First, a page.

Worth getting out of bed for
Notting Hill’s legendary gatherings and offbeat boutiques will coax you from your lie-in. The district is coloured in brighter strokes than the eponymous Richard Curtis film; grand dame townhouses have a lick of carnival-coloured paint, and petite gardens and characterful old-school pubs punctuate meandering streets. Westbourne Grove and Ledbury Road are lined with petite cafés and high-street wonders such as Anya Hindmarch, Smythson and famed designer-label den Matches, interspersed with independent institutions. It’s touristy and trashy in parts, but Portobello Market’s stalls are still worth rummaging through for antique doohickeys, hand-made wearables, toys and trinkets; and you can weave in and out of designer boutiques, vintage shops and one-off pop-ups. With corsetry from What Katy Did, Sixties-inspired mens’ tailoring at Adam of London and cute-as-a-button kids’ wear from Sasti: the Portobello Green Arcade peddles serious designer wares. TheElectric Cinemahas super-comfortable leather armchairs, and theatre company the Print Room has taken over historic cinema the Coronet. William and Kate’s gaff, Kensington Palace, is a 10-minute walk away, flanked by pretty gardens – stop for afternoon tea in the Orangery, then roam through Kensington High Street. On August bank holiday each year, the streets become a flurry of feathers and sequins as the Notting Hill Carnival’s parades kick off street parties till late.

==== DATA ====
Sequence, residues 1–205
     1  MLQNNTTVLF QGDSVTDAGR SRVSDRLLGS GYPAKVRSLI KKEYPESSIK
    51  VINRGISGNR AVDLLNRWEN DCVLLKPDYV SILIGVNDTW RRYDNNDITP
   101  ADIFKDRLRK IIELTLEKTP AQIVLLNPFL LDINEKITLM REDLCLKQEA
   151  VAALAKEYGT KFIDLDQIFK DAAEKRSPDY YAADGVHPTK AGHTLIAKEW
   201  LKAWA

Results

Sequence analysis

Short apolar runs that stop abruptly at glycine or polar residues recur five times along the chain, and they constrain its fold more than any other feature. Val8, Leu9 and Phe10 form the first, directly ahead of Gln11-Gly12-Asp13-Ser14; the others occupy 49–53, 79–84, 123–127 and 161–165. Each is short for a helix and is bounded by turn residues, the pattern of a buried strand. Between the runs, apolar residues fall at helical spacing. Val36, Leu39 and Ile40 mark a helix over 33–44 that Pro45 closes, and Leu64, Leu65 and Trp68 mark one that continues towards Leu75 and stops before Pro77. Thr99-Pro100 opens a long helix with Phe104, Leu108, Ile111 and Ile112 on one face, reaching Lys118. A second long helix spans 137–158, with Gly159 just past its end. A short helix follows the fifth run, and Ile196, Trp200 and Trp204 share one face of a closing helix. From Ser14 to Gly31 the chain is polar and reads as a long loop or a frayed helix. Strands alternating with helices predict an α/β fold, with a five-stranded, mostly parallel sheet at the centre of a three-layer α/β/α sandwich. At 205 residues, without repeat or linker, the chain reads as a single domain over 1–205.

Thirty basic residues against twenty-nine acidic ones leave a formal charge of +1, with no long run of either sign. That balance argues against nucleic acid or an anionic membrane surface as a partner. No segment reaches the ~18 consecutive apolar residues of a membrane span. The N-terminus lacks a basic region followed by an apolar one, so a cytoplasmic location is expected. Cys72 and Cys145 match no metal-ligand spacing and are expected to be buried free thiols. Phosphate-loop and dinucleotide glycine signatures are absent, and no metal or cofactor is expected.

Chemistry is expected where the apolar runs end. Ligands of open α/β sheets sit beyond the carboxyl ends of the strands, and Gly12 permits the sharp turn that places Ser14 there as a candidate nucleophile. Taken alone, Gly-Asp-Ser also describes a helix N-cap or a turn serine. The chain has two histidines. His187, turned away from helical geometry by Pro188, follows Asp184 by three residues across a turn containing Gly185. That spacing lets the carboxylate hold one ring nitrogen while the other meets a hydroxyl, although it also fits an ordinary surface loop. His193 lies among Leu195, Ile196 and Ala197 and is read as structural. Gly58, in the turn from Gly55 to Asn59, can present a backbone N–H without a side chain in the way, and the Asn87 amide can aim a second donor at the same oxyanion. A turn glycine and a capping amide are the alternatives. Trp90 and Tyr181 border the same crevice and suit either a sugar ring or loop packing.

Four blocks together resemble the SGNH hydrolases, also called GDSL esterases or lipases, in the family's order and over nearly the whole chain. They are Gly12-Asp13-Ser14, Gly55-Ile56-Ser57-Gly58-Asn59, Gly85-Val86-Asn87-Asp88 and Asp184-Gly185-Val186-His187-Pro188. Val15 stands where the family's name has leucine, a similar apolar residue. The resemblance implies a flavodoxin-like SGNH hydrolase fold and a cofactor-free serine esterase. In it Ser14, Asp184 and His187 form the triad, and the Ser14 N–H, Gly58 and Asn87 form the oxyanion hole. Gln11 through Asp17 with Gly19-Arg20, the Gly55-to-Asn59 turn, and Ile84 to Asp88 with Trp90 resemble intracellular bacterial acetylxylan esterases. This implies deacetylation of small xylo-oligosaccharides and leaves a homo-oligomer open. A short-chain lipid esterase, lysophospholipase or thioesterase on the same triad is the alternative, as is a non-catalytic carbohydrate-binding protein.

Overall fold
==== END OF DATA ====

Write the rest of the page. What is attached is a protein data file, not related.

The Laslett’s delectable dining falls just shy of a three-course offering, but Notting Hill’s restaurant scene revels in the area’s diversity and artisan goodies. If you're enamoured of the hotel's breakfast offering, Sally Clarke's restaurant, Clarke's, is a 10-minute walk away, serving hearty Brit fare. Expect high-quality ingredients such as barrel-aged feta and Devonshire crab, but leave room for fruity galettes, summery sorbets and rich chocolate desserts. Upmarket eatery The Ledbury has a lobster and pheasant-laced tasting menu by talented chef Brett Graham. Close by, London’s only Danish restaurant, Snaps + Rye, elevates humble smørrebrød (open sandwiches) to artistic heights. Its weekend brunch is crowd drawing, the liquorice ice-cream palate-cleansing and the Fish Friday four-course set menu is a super Scandi feast. Orasay's dishes are influenced by the isles of the Hebrides, with a focus on fish; the menu is awash with meaty catches and rich velvetty sauces – be sure to leave room for the brown-bread ice-cream. Core by Clare Smyth does sustainable dining in elegant style, with classic and seasonal tasting menus with dishes such as Isle of Mull scallop tartare in sea-vegetable consommé, steamed Cornish crab with caviar and pear and verbena sorbet.